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It’s not About Handouts, It’s About Partnership and Trust

Daniella Van Leggelo-Padilla's picture
Also available in: Français
 Pape Ndiaye, founder of Yeesal, Cherif Ndiaye, founder of Ecoles au Senegal, Daniella van Leggelo-Padilla, Thierno Niang and Mamadou Ndoye, co-founders of Rev’evolution.
From left to right: Pape Ndiaye, founder of Yeesal, Cherif Ndiaye, founder of Ecoles au Senegal, Daniella van Leggelo-Padilla, Thierno Niang and Mamadou Ndoye, co-founders of Rev’evolution.

 
“The mentality of youth in Senegal is changing. These days, young Senegalese aren’t waiting for job opportunities to fall from the sky. They are actively working towards creating them for themselves, and for other youth.” These words, spoken by 30 year old Thierno Niang, a social entrepreneur and co-founder of Rev’evolution, a youth run, self-funded start up incubator, struck a chord with me. Thierno and I were discussing his role as a panel moderator for the Youth Forum on Employment, Training, and Inclusion: A Knowledge-Sharing Event for Sub-Saharan Africa, the first ever youth event of its kind organized by the World Bank office in Senegal.

How can Malawi emerge stronger and more resilient after two years of drought?

Richard Record's picture
Almost two years ago I was given the opportunity to move to Malawi as the World Bank’s senior country economist. It was a chance that I jumped at, having previously worked in Lilongwe for three years in the Malawi Government before joining the Bank.

More than a short-term escape: Sustainable empowerment solutions for girls and women in Zambia

Sarah Haddock's picture
In rural Zambia, women who live in poverty struggle every day to make ends meet and feed their families. In the words of one woman, “to tell the truth we are poor. Any money I make from piece work goes to buying relish, washing soap and bathing soap, I hardly have anything left for anything else...My husband doesn’t work apart from doing a little here and there in our farm, also (my) boy goes to school, so there are school fees to think of.”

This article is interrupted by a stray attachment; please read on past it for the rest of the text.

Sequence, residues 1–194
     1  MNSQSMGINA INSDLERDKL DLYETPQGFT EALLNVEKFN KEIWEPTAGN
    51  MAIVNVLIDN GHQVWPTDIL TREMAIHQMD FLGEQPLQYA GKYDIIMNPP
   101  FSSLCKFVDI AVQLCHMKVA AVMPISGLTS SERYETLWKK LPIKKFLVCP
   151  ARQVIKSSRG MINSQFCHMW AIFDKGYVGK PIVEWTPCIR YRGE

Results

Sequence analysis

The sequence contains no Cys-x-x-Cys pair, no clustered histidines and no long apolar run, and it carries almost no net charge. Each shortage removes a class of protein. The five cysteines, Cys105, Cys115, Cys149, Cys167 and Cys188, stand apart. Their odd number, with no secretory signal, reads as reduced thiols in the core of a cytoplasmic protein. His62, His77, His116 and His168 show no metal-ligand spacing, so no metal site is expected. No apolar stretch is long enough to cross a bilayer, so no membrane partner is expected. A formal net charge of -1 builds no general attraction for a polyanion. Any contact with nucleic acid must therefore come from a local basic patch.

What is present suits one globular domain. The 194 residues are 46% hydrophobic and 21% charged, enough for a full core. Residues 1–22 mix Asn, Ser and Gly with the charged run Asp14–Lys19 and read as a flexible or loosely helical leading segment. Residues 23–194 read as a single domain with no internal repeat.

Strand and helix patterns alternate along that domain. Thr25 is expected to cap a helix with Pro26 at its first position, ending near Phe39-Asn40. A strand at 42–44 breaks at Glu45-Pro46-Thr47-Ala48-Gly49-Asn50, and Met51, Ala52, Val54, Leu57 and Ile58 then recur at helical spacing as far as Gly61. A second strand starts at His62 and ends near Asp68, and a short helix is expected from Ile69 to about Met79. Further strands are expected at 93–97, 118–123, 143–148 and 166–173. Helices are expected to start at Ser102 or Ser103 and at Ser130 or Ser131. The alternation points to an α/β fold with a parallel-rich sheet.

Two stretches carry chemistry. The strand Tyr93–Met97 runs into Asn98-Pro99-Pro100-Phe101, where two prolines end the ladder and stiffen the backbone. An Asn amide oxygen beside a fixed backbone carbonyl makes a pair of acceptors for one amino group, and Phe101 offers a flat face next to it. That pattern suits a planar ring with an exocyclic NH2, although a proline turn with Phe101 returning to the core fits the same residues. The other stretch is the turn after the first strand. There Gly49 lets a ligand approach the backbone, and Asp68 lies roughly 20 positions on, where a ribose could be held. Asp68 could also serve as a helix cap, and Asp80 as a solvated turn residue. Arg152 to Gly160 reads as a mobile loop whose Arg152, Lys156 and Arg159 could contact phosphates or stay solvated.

Le développement, une marque à protéger ?

Johannes Hoogeveen's picture
Also available in: English
Tout le monde veut promouvoir son image de marque, et les organismes de développement ne sont pas en reste. Je pense à ces colis humanitaires estampillés « Don du peuple américain » ou aux logos de Médecins sans frontières affichés bien en évidence sur les dispensaires dans les pays touchés par l’épidémie Ebola… sans parler de la mention « Banque mondiale » associée à certains projets.
 

Branding development?

Johannes Hoogeveen's picture
Also available in: Français
Branding is everywhere, and development agencies are no stranger to it. Many have seen pictures of food aid labeled: "Gift of the people of the United States.” Who does not remember the Medicins Sans Frontier logos displayed prominently on clinics set up in Ebola-affected countries? And who has not seen the name of the World Bank associated with some project?
 

Disrupting malaria: How Fyodor Biotechnologies is changing the game

Efosa Ojomo's picture
In a recent blog post, I made the case that disruptive innovation is the most viable strategy for economic growth in Africa. The post generated many comments and conversations, with people asking exactly how it would work. Since then, I’ve been collecting examples of successful disruptive innovations in various industries; this time, I’m tackling health care.

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